Election tribunal and judiciary’s own trial
I was working on a piece on the raging xenophobic attacks against Nigerians in South Africa before I was provoked by the TheGuardian newspaper front-page headline of Sunday, September 8, 2019, titled: Tribunal Verdict ‘!9: D Day Scares Buhari, Atiku Camps. I immediately changed course as I felt I should deal with a problem at home first before looking across the border to South Africa. The xenophobia article will feature next week. My people say you start from home to be good before going outside.
I am not scared in the context of Buhari and Atiku, whose worry is whether they would win or lose at the Presidential Election Tribunal. The judgment must go one way or the other with a winner and loser. There are no two ways about it. Whichever way, time will tell.
My worry, which I also think is the worry of most Nigerians is about the judiciary. Can the judiciary redeem itself and Nigeria at the same time? Nigeria is passing through very tough times. The judiciary will make Nigeria be a reference point for good or bad depending on its verdict on this important matter.
As far as I am concerned, three parties are involved in this presidential election tribunal. One is the All Progressives Congress (APC) and its candidate President Muhamadu Buhari; two is the Peoples Democratic Party and its candidate, former Vice President, Atiku Abubakar and the third is the judiciary.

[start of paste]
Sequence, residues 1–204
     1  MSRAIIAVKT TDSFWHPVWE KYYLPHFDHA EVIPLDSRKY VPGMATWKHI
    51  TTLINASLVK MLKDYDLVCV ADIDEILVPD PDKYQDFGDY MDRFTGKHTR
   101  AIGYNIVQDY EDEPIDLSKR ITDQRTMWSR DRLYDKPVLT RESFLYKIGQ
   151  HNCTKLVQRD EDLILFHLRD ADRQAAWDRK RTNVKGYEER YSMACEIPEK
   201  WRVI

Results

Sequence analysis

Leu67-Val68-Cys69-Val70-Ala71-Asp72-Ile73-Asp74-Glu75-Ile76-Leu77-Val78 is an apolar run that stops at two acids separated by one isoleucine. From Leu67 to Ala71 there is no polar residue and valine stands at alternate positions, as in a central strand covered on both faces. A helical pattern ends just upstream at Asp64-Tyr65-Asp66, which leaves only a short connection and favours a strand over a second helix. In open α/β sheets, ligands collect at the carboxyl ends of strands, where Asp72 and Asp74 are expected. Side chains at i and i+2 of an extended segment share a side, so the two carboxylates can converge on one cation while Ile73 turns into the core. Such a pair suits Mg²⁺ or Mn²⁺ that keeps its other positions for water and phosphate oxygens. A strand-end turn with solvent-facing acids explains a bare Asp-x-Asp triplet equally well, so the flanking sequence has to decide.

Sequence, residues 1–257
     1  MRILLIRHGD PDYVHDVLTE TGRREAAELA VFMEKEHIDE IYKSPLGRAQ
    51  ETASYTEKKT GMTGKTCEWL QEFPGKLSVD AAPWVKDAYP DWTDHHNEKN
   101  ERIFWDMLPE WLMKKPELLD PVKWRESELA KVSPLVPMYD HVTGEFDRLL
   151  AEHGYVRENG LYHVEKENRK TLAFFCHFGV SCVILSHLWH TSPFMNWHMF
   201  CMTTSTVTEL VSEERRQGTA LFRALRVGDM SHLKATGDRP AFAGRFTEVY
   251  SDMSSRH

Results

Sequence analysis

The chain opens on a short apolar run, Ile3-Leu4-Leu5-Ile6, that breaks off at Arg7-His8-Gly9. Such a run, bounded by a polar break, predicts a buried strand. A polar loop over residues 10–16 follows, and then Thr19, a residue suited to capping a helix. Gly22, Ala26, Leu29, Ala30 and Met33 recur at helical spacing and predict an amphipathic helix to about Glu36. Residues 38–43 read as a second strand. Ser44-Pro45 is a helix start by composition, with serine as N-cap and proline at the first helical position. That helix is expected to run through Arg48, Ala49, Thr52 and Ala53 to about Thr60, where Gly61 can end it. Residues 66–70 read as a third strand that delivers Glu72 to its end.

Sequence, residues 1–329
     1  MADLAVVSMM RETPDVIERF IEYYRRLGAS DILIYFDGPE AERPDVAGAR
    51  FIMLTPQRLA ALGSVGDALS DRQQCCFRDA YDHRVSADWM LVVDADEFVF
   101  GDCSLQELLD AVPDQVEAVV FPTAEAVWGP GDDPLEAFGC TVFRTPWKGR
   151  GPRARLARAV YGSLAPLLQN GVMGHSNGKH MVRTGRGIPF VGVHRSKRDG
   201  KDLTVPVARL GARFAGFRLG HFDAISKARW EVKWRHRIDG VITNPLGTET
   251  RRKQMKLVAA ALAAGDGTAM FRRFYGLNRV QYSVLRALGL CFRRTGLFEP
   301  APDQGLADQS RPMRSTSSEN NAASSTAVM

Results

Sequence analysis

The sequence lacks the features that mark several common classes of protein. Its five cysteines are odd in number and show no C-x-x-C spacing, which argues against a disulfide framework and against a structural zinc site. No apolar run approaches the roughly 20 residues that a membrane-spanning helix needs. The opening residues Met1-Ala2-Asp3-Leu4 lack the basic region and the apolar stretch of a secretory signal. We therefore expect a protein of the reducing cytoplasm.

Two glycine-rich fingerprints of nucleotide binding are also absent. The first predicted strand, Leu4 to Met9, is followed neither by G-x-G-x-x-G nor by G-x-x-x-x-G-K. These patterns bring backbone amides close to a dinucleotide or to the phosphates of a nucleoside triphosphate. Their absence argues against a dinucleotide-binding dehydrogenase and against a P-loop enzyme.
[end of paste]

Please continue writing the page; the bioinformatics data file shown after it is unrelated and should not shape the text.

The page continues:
Both the APC and the PDP, in the last couple of months, have through their formidable legal teams, given a good account of themselves at the tribunal to the satisfaction of Nigerians, I would say. Nigerians are interested in this case and have followed the proceedings religiously over the period of the trial. Everything is in the public domain.
In the course of the proceedings, the petitioners – PDP and Atiku made allegations to buttress their case to which the APC and Buhari advanced counter-arguments.
The crux of the matter was that Atiku and the PDP had predicated their petition on three main issues namely:
First, that the number of votes declared by the Independent National Electoral Commission (INEC) was altered in favour of the APC and did not tally with the actual number of votes captured in the INEC’s central server.
The main contention was that Buhari’s 15,191,847 votes against Atiku’s 11,262,978 were the making of INEC, hence, the petitioner urged the tribunal to compel the electoral umpire to make available the central server where votes were electronically transferred.
Two, that Buhari lied on oath when he claimed that he had three certificates but could not produce even a photocopy to support his Form CF 001, which he submitted to INEC during clearance.
Three, Atiku and the PDP also alleged that there were irregularities, including intimidation of the electorate, as well as alteration of election results during and after the elections.
Evidence and written submissions and counterclaims were presented and witnesses called by both parties. Atiku and the PDP called 62 witnesses out of the 400 originally lined up. Buhari, on the other hand, called six witnesses. But INEC and APC did not call any witness.